In ancient times, our ancestors used coral as one of earliest jewelry materials. According to gemologist Barbara Smigel, archaeologists have found Neolithic amulets made of coral in Switzerland from as early as 8,000 BCE. Over the years, almost every civilization--whether through proximity to tropical seas or accessibility to trade routes--has enjoyed the beauty of corals. Bamboo coral is a rare and poorly understood variety.
When corals are alive, they are colonies of filter-feeding invertebrates that make their "homes" from calcium carbonate shells. Bamboo coral is in the taxonomic subclass Octocorallia, order Alcyonacea and family Isididae, according to the National Oceanic and Atmospheric Administration. The corals can live for centuries, and their strong structures form habitats for crabs and larval fish.
Bamboo coral is also known as "sea bamboo" because of its banding pattern. The coral is naturally gray, green, white or reddish brown. Bamboo coral is commonly dyed to red to enhance its color, and sometimes it is dyed pink.
Religion and Homeopathy
Coral is one of the seven treasures in Buddhist scriptures. Throughout history, it has been considered a talisman against bleeding, evil spirits and hurricanes. According to Rings & Things, the word "coral" may derive from the word "goral," the name for the stones used to cast an oracle. Homeopathically, it is used to treat difficulties of the lungs and digestion, and many people claim it helps improve circulation, restore harmony and end depression.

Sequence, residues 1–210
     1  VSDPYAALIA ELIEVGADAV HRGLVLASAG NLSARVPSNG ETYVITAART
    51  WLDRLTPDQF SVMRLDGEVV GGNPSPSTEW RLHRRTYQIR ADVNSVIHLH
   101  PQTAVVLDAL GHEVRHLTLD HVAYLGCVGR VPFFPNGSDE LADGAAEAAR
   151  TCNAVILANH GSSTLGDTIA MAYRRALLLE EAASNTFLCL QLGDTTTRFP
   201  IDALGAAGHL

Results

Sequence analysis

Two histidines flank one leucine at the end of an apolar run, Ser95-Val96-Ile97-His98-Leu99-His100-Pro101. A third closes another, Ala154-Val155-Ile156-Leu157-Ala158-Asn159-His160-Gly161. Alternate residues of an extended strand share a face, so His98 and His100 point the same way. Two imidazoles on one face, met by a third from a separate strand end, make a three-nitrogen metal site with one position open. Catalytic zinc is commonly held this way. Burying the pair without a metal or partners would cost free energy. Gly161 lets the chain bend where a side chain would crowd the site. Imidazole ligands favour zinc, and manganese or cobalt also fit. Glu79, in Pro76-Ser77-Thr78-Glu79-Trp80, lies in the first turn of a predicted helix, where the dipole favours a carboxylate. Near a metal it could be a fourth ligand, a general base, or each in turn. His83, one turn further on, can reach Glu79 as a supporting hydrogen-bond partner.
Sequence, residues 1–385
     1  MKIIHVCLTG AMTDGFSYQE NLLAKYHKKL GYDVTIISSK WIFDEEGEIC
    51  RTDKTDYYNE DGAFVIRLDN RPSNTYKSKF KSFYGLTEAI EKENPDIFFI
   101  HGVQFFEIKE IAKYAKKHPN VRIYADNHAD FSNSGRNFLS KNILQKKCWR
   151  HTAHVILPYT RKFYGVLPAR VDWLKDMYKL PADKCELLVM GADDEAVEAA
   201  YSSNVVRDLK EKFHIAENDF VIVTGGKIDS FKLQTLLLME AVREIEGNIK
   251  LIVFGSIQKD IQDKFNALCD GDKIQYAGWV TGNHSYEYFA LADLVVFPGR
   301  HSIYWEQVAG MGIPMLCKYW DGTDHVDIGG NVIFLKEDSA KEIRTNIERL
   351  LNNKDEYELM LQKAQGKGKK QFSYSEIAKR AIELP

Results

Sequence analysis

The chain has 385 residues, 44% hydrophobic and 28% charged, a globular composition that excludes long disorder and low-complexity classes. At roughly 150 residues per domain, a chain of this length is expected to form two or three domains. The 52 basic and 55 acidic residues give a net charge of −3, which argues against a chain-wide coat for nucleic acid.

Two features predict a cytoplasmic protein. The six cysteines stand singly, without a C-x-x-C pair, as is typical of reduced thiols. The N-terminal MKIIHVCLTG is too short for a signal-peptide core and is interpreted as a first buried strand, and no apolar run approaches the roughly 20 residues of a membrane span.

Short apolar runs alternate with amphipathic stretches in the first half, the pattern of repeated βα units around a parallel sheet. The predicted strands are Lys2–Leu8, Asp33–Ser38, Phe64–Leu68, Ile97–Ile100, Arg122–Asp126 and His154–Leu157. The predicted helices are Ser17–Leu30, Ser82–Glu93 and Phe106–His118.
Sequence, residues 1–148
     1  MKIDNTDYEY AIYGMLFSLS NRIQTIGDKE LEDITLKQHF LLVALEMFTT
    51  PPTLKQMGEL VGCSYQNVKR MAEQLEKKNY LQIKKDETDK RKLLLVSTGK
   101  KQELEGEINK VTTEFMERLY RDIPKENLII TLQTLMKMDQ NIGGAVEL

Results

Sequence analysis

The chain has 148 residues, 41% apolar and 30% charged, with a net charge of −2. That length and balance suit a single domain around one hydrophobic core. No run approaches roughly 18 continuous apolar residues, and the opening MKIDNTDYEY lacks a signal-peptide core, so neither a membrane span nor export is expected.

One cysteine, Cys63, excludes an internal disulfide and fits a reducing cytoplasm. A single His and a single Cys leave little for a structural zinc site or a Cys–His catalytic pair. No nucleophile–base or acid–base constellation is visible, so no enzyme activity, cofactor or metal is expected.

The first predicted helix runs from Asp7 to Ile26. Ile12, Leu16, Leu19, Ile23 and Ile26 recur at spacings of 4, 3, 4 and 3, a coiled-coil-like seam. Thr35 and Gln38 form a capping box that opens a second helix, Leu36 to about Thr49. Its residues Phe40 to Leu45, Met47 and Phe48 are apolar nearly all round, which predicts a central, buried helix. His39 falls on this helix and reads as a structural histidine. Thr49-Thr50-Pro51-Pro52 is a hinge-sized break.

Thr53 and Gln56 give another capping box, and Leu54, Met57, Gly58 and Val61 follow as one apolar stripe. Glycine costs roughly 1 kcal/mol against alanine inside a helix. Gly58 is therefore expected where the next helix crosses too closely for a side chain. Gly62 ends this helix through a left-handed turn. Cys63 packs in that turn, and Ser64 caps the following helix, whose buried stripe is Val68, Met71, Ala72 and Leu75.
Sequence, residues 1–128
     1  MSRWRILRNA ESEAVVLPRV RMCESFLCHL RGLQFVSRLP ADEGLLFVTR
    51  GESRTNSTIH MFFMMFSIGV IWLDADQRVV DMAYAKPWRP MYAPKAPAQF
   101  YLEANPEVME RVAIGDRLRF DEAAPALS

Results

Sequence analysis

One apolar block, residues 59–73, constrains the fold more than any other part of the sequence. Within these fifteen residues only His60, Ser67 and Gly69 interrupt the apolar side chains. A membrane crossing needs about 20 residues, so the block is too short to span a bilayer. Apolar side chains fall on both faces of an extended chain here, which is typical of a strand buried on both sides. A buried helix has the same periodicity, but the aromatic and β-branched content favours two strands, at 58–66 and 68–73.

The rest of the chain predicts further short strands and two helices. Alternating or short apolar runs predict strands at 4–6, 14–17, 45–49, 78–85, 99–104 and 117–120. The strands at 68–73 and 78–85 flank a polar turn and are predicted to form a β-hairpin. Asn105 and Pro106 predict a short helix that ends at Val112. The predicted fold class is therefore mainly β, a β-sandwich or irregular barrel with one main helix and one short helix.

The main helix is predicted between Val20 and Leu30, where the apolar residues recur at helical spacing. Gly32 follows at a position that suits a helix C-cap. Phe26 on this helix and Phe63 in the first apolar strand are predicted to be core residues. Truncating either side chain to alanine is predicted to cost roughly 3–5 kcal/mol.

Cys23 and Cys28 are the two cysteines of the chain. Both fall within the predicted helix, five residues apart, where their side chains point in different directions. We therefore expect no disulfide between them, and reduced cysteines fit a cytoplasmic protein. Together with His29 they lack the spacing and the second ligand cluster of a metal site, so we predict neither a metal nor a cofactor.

The skeletons of bamboo coral consist of finger- or branchlike calcium carbonate material interspersed with jointlike regions, which give the coral the appearance of a woody plant. Bamboo coral is considered soft by the standards of gemologists, Smigel says, but it will take a high polish.
If you own bamboo coral jewelry, it should be worn and cleaned gently. Use mild detergent and warm water to clean your pieces. Bamboo coral can be damaged by exposure to acids and high heat and long exposure to water, Smigel warns.